Judge advocates often deal with cases involving criminal offenses as well, which is a departure from 1LT Smith’s full-time civilian law career, where he focuses on business law, estate planning, and commercial real estate and banking matters.

As a JAG officer, he’ll also be handling cases related to property law. 1LT Smith explains that typically a commander would initiate an investigation if a sensitive and valuable item like a pair of night vision goggles was lost to determine if someone should be held liable. A JAG officer would review the findings to make sure they are legally sufficient.

One of 1LT Smith’s goals for the future is to deploy overseas and work in operational law: “the laws of war, advising commanders in an overseas environment on whether they can legally engage certain targets, spend money on particular projects, and what are the repercussions for taking certain actions in a combat environment,” he says. “It’s an area of law where there’s not really a civilian equivalent.”

Overall, 1LT Smith says his time in the Guard has given him direction in his life, great people to serve with, and an opportunity to give back.

“The opportunity to serve comes with sacrifices, certainly, but I get to carry on a civilian career and work with incredible leaders and friends,” he says. “It adds tremendous value to my life.”

So, if you’re looking for a way to serve your community and your country part-time while you pursue a civilian career, you should speak to an Army National Guard recruiter. Besides outstanding education benefits, the Guard also offers training in more than 130 career fields.

Search our job board for details on careers in engineering, administration, infantry, armor and field artillery, aviation, medicine, military police, intelligence, mechanic and maintenance, transportation, and logistics support.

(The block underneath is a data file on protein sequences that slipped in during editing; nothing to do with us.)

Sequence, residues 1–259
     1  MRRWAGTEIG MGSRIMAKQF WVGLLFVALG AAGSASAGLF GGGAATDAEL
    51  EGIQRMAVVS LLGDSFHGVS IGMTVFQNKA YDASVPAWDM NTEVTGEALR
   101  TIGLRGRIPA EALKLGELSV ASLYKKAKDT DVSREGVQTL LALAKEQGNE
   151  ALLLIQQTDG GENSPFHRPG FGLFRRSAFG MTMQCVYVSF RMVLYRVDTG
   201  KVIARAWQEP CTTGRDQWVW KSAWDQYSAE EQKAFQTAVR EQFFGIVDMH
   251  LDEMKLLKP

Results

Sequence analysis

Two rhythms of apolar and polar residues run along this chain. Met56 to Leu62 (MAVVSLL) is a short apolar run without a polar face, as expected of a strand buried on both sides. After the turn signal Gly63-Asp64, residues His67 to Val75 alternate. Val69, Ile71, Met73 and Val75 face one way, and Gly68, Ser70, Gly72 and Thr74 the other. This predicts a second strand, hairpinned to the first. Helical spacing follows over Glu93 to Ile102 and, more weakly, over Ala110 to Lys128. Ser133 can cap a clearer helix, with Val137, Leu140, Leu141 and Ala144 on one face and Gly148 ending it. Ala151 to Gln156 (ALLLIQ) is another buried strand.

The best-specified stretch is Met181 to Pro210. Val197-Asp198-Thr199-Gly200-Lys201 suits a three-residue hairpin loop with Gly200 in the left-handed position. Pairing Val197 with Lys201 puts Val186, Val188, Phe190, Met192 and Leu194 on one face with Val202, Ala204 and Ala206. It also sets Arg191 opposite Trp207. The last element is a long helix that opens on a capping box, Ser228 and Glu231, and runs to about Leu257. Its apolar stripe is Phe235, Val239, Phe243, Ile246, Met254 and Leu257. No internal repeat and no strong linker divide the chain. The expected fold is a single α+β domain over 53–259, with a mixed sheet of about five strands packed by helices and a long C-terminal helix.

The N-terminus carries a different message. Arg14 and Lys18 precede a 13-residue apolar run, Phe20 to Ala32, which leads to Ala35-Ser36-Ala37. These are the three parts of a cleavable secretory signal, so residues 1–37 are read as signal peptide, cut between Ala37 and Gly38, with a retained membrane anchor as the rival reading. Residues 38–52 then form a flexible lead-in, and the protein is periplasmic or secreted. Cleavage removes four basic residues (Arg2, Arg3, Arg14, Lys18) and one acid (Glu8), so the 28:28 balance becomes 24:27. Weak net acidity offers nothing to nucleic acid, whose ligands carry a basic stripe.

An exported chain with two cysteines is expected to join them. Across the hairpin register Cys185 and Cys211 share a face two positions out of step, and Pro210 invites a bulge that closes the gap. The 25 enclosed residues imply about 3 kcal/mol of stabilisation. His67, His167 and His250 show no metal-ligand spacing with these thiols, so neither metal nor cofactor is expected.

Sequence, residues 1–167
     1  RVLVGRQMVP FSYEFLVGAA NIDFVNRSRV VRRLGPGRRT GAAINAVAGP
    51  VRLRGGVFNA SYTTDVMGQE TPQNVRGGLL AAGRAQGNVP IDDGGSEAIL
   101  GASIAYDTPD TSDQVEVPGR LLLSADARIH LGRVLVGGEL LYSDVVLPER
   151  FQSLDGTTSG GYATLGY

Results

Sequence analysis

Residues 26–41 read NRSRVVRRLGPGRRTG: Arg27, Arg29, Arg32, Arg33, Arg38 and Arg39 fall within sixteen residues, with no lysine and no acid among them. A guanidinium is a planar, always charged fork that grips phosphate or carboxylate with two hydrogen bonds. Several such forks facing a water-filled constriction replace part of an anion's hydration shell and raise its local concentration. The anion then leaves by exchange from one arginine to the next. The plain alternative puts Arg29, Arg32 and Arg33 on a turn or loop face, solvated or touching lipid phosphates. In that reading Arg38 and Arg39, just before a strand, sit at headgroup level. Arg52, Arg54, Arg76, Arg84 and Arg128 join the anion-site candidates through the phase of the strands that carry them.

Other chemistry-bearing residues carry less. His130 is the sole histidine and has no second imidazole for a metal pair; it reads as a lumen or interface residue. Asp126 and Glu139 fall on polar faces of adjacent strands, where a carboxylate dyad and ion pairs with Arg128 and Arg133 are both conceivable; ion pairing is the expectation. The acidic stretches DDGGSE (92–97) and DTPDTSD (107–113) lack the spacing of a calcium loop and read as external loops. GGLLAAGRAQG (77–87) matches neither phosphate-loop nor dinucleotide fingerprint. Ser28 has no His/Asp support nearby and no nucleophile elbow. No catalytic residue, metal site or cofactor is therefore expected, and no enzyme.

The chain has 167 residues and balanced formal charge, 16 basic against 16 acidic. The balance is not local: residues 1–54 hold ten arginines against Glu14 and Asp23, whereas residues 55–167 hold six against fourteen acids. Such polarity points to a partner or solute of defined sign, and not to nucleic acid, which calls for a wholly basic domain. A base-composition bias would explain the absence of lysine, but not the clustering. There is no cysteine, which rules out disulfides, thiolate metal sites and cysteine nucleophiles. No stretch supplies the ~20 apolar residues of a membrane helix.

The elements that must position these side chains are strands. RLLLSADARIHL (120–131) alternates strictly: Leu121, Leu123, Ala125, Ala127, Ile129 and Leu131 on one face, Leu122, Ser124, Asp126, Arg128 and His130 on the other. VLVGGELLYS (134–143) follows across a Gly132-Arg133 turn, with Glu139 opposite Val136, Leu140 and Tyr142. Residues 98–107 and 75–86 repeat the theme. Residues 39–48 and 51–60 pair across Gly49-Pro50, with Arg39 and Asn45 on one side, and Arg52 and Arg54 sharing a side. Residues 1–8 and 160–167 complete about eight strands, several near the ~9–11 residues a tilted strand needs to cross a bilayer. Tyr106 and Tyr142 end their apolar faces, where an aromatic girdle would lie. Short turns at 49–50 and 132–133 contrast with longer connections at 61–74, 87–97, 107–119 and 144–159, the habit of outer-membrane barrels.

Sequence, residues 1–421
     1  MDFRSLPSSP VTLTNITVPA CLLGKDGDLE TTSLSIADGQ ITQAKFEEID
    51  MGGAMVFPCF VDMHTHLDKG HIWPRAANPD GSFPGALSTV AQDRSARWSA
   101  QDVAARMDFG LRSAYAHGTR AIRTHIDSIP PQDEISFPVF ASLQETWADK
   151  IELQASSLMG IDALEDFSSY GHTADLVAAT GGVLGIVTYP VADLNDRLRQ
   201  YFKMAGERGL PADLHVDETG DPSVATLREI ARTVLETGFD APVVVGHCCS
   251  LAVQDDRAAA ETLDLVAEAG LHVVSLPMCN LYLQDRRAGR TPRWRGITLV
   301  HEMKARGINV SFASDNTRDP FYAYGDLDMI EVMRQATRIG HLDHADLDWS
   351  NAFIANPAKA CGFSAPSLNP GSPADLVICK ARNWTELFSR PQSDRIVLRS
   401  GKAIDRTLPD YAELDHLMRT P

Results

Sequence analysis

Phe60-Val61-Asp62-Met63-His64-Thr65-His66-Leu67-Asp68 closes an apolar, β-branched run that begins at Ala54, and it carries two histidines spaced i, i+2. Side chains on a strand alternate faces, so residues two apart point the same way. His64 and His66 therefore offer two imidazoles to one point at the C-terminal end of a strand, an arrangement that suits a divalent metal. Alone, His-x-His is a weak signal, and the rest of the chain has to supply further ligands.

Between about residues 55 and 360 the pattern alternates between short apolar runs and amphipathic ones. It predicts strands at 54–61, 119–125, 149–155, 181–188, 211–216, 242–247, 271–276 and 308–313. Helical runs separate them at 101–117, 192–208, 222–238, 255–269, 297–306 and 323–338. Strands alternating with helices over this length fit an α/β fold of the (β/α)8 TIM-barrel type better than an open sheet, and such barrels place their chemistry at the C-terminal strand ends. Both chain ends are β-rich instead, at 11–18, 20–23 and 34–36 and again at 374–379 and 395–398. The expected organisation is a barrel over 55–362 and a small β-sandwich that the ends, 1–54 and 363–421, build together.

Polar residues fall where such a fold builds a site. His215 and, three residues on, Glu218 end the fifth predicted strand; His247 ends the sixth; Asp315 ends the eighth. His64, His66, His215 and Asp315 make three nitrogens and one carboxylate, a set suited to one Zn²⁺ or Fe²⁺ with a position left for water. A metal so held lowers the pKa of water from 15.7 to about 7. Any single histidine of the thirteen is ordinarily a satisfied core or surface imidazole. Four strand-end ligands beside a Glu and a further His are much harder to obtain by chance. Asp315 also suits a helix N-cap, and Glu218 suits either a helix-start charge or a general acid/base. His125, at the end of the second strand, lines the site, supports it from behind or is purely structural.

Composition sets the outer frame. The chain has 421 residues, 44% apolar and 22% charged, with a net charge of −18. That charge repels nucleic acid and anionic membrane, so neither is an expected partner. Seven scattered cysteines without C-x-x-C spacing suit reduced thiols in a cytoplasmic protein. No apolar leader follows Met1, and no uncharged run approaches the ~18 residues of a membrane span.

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It’s Not About Your Hair. It’s About Your Heart.

Guard Soldier Uses Part-time Modeling Career to Help Others with Alopecia

SPC Imani Gayle of the New Jersey Army National Guard poses for a portrait in Irvington, N.J., her hometown. (Photo by MSG Matt Hecht.)

SPC Imani Gayle of the New Jersey Army National Guard poses for a portrait in Irvington, N.J., her hometown. (Photo by MSG Matt Hecht.)

IRVINGTON, N.J. – At just 22 years old, Specialist (SPC) Imani Gayle balances college, serving in the Army National Guard, a fashion career, and charitable work assisting girls with alopecia: a condition that causes hair loss.

A native of Irvington, SPC Gayle also has alopecia, and has marketed her signature look through working with various clothing and jewelry designers in the New York City area.

Her passion for helping people with alopecia goes beyond charitable work. She’s also getting a degree in biology pre-med, with the hope of one day becoming a dermatologist.

“My reason for joining the Army National Guard was to help me pay for school,” says SPC Gayle, an 88M Motor Transport Operator with New Jersey’s 2-113th Infantry Regiment.

SPC Gayle has put school on hold as she prepares to deploy with the New Jersey National Guard supporting Operation Enduring Freedom – Horn of Africa.